My friend Marc Phelps and his lovely wife, Maria, came into town last week. Marc and I have been friends since 2005, and he is the person who got me started in the newspaper columnist world back in 2007. He and Maria have two young boys and make for terrific family photos. It’s been too long time since I’ve seen them, and Marc was ready to do some fishing, and so was I. Strangely enough, each time Marc visits, the marine forecasts are perfect, and the fishing is great … every time. Every time since 2007. So, I was happy to see him pull into my driveway early last Monday morning.
The EP-2 was fueled and loaded, ready to go. As we headed for open water, we talked about the plan for the day. We were hunting mahi mahi, so we decided to troll a set of lines across the reef and continue trolling until we reached 250 feet. If nothing happened, we’d pull the lines and head deeper, 700 feet deep or so, a little less than 20 miles offshore. I’ve had some good luck out there lately.
As soon as we passed the deep side of the reef, the first line got hit and the reel started screeching. The fish never jumped, I assumed we had a blackfin tuna, skipjack or bonita. Sure enough, we pulled in a bonita. For a fish we didn’t keep, he sure put up a heck of a fight, but we weren’t looking for bonita, we were looking for mahi mahi. Wham, another line got hit. A much smaller fish — we quickly subdued a 3-foot barracuda and released him.
We hooked a small mahi, maybe 18 inches to the fork of the tail. He was released safe and sound. Marc and I joked that by the next time he was in town, this fish would be much bigger than legal. We continued south toward deeper water. When we passed the 300-foot mark, we pulled the lines, leaving the artificial lures hanging from the outriggers just above the surface of the Atlantic Ocean.
Up on plane, we traveled quickly in calm waters. “I love it out here,” I told Marc. “I always love it out here.” He agreed.
We settled into a comfortable cruising speed; our heads swiveled back and forth unceasingly while we scoured the horizon and the surrounding waters in search of flotsam or cartwheeling birds indicating where feeding, or migrating, mahi mahi might be. We slowed down a couple of times to fish areas with bird activity. Nothing was happening. As we decided to move on, one of the lines got hit. It was a quick fight and another undersized mahi mahi was released to Mother Ocean.
“Let’s pull the lines and let’s get outta here,” I said. “We can watch for birds while we run out to deeper water.”
“Sounds good to me,” Marc answered.
As we closed in on the area where I wanted to be, the water become churned up with currents, rips and wispy winding weedlines. Birds were circling close to the surface, and we could see fish breaking the surface here and there. “This is where we want to be,” I called out. “Let’s get some lines in the water.”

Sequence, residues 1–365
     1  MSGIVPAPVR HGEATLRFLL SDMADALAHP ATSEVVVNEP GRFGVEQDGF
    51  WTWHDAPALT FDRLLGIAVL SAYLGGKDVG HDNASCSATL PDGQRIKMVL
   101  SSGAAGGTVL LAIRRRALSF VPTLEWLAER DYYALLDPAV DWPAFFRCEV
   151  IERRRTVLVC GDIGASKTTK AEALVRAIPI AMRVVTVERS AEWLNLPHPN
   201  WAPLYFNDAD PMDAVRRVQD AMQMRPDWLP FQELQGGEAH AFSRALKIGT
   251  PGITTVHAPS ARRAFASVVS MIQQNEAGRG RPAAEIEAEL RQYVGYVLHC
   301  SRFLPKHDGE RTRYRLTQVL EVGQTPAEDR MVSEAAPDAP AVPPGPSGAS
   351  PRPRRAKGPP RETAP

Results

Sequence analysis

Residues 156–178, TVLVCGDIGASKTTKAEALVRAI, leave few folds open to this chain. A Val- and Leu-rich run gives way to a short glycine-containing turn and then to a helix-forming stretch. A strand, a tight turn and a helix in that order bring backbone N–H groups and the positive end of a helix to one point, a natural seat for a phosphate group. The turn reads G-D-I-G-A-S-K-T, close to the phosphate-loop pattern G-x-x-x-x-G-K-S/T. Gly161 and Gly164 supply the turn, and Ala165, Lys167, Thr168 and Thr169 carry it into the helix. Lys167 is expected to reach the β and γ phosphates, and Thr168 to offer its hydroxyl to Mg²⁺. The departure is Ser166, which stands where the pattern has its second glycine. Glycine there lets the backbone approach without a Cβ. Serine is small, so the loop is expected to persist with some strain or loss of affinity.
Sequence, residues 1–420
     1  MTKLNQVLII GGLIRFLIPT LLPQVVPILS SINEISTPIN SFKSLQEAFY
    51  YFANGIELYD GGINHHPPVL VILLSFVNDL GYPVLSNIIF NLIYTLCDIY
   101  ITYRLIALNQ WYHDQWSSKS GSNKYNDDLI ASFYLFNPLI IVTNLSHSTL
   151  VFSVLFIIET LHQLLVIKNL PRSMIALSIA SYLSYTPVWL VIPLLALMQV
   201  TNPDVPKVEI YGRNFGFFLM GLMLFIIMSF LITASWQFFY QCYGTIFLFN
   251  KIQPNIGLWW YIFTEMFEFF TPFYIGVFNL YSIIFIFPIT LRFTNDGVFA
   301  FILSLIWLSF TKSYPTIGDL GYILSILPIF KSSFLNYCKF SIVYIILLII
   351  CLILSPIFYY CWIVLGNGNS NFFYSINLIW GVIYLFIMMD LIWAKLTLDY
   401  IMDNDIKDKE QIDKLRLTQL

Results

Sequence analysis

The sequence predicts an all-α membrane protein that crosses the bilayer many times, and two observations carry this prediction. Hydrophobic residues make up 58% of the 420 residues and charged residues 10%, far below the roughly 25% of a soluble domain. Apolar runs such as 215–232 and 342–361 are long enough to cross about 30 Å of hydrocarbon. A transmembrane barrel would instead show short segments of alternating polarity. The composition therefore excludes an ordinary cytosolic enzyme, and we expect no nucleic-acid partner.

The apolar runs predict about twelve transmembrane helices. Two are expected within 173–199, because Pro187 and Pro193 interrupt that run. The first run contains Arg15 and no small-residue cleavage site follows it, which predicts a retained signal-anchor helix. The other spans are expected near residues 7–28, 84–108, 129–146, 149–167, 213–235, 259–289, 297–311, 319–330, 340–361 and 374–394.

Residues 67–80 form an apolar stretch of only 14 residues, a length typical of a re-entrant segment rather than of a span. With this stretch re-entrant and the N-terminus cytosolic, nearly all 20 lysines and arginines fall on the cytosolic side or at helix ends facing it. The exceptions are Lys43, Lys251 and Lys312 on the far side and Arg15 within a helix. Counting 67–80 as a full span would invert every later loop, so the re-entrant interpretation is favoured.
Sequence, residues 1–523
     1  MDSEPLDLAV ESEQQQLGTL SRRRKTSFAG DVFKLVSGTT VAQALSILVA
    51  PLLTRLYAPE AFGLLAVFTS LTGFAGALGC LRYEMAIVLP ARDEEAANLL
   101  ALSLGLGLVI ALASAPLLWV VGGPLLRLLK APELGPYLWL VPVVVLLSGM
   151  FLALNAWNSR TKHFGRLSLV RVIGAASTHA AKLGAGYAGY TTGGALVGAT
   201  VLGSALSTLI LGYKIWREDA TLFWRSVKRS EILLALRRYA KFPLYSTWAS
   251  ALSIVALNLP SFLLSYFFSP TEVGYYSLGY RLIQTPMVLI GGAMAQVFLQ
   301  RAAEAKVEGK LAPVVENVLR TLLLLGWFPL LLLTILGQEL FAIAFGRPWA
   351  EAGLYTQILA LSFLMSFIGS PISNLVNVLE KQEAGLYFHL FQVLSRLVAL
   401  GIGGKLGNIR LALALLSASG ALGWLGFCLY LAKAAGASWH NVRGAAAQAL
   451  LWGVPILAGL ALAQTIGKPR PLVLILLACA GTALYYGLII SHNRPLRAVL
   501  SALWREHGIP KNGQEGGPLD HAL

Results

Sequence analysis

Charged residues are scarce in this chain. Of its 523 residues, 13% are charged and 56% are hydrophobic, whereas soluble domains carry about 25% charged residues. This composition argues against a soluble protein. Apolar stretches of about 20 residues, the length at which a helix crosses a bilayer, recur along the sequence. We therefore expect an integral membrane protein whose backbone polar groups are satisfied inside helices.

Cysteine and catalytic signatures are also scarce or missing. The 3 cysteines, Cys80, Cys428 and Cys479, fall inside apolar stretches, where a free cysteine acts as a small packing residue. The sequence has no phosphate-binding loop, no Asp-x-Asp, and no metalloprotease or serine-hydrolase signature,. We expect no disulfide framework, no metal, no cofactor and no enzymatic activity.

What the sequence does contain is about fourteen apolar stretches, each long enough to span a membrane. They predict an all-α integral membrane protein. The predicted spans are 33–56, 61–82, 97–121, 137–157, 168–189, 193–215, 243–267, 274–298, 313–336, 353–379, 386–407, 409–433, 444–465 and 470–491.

The whole area was what I like to call “fishy.” I felt hot humid air on my forehead. We were in the Gulf Stream. The small waves had become unruly, going in the opposite direction of the wind, their tops were beginning to curl and froth. Anticipation built, then we spotted birds low to the surface. We dragged baits under the birds; an outrigger popped under the strain of a frantic mahi mahi, dancing on the water. Marc grabbed the rod and started reeling him in.
Other mahis were following our captured fish. I grabbed a spinning outfit and put a piece of ballyhoo on a circle hook, then cast it behind the boat. Marc kept reeling. It didn’t take long, and I had a lively mahi splashing and jumping at the end of my line. We boated the two fish while casting cut bait to attract more mahi mahi. We were surprised not to see anymore mahi, so we got back on the troll.
We brought a big ‘cuda to the side of the boat and released him. Then we caught a couple of extremely small mahi mahi that we released. It was time to move on. We got back on the troll but this time we were heading toward shore. We stopped several times, at fishy waters, and caught two more undersized and safely released mahi and another barracuda.
Back on plane, we relaxed and enjoyed the ride. It was late afternoon by now, and we were talking about calling it a day as we got back to 300 feet of water. Out of nowhere, a flock of cartwheeling birds came into view. We couldn’t pass this up, so we set out four trolling lines and approached the birds. The next thing we knew, we were double-hooked-up with jumping mahi mahi.
Marc boated his fish. I kept mine in the water to attract other mahi and that’s exactly what happened. Marc grabbed a spinning rod, cast out a chunk of cut bait and hooked another fish. Even though we were in the shallowest water of the day, 250 feet, these were the biggest fish of the day; not huge, but big for schoolies. With more fish circling the boat hoping for free meals, we agreed we had more than enough fish in the box.
By the time we got back to the dock, rinsed the EP-2, put the gear away and cleaned the fish it was after 7 p.m. We’d spent eleven hours on the water. “We always have great weather and catch lots of fish when you’re here,” I told Marc. “You should move back here.”
“Who knows?” he answered. “Maybe when we retire.”
As he walked to his car, Marc and I agreed, life is good in the Florida Keys; life is very good in the Florida Keys.
Award-winning columnist C.J. Geotis is a life-long fisherman who followed his dream 20 years ago to live in the Florida Keys. His book, “Florida Keys Fish Stories,” is available at Amazon.com. He lives in Marathon with his wife, Loretta, and her Coca-Cola collection. His email is email@example.com.